Two hundred and seventy-seven Soldiers graduated Aug. 24 from a new 22-day Basic Leadership course (BLC) on the XVIII Airborne Corps and Fort Bragg NCO Academy parade field.
“These Soldiers have undergone extensive training in the necessary fundamentals to become leaders in our Army,” said Staff Sgt. Tyler Kirkpatrick, NCO Academy. “They are now prepared to accept the challenges inherent in the duties of noncommissioned officers (NCOs).”
This course consisted of 169 academic hours that sharpened the skills of NCOs through basic administration, land navigation and other techniques to lead future Soldiers in their endeavors.
Under the revamped course, there is more focus on six leader core competencies including leadership, communications, operations, readiness, training management, and program management.
“It’s a big shift in the way our NCO professional development (course) is being ran,” said 1st Sgt. Ernest Wentworth, first sergeant, XVIII Abn. Corps and Fort Bragg NCO Academy. “We shifted from teaching these guys skill level one tasks that they already knew or should know, to teaching them how to teach those tasks and to teach them skill level 2 tasks.”
Spc. Oneil Grandison, Company B, 1st Battalion, 82nd Combat Aviation Brigade , was recognized as a top Soldier during the course for his essay that was written about what he learned.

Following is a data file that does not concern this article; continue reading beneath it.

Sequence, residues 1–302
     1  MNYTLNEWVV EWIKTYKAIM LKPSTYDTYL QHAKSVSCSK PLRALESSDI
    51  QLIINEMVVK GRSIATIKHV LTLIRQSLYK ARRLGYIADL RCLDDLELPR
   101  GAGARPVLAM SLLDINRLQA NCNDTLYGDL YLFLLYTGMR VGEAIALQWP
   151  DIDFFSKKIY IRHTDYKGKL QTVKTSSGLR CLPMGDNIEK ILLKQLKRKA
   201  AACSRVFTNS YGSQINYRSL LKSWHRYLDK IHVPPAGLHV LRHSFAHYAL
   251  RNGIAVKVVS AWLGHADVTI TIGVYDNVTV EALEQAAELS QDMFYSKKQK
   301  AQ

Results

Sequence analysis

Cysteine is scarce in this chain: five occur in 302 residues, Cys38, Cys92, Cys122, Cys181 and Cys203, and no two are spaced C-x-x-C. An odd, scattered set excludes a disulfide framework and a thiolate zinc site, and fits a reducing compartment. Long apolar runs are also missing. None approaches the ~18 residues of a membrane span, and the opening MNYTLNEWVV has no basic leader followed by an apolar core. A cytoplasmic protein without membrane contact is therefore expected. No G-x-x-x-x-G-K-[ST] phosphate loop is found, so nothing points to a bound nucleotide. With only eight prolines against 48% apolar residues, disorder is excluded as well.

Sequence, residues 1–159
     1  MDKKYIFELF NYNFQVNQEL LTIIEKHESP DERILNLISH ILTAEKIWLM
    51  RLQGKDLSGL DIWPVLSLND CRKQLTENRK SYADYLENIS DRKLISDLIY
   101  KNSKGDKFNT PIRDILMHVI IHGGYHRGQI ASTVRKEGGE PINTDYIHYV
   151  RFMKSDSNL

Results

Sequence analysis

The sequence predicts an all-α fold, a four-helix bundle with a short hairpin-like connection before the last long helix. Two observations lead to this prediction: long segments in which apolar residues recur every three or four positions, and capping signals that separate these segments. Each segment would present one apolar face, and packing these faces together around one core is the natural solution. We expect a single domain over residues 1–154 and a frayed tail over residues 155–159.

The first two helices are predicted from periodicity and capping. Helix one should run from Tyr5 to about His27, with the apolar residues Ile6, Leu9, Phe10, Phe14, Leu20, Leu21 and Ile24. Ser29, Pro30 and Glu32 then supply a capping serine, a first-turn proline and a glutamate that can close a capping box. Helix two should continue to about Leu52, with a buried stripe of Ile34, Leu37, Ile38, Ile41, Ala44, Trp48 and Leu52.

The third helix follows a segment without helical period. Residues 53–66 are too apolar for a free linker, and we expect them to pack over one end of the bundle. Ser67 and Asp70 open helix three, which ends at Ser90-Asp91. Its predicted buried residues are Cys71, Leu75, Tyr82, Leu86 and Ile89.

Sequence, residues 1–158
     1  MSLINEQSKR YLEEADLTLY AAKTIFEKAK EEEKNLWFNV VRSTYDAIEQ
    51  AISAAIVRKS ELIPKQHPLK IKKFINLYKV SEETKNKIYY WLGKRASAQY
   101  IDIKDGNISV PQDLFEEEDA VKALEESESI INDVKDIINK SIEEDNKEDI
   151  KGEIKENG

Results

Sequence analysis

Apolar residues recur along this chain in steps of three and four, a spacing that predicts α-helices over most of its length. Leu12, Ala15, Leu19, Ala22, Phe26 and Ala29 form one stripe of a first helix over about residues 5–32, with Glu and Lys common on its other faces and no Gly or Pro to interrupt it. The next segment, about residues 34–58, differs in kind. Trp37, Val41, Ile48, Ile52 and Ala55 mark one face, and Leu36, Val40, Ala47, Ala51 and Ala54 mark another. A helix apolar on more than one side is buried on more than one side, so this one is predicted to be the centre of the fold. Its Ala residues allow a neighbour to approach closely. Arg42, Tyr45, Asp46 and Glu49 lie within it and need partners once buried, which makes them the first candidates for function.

“I wrote an article about conflict management and team building,” said Grandison. It’s what I got from the course and (the) important topics to me.”
Grandison said the essay focused on the importance of program management and the tools needed to manage conflict more effectively in an organization.
The following Soldiers received awards at the ceremony for their outstanding achievement during this year’s course:
Spc. Christian Wirlo, Headquarters and Headquarters Company, Special Troops Battalion, 82nd Sustainment Brigade, distinguished honor graduate and had the highest GPA in the course.
Spc. Brice W. Wilson, Company C, 249th Engineer Battalion, U.S. Army Corps of Engineers, leadership awardee.
Spc Lolita E. Galdones, Company M, U.S. Army Special Operations Command, iron warrior awardee.
Spc. Marcel D. Boatwright, 1st Battalion, 3rd Special Forces Group, iron warrior awardee.
Staff Sgt.. Silas O. Bwire, instructor, NCO Academy, small group leader of the cycle.
In order for Soldiers to attend this course, they were selected by their unit as having the potential to serve as a sergeant and a leader in the Army. After being chosen, they go to their units boards and once selected as promotable, they attend the NCO Academy to further their leadership and development education.
A graduate of the program, Spc. Daniel Burnell from Joint Special Operations Command, reflects on the information he learned from this year’s course.
Burnell said he really enjoyed going through the Basic Leader Course. Some of his peers went through the old course, so he was able to compare it to the new one, which he prefers.
The revamped course seemed more discussion-based, he said. It was more focused on learning from peers, with instructors leading discussion versus the traditional memorization and slide show.
Wentworth’s advice to all the graduates: “Go back to your units; share what you have learned; take care of your Soldiers and lead from the front.”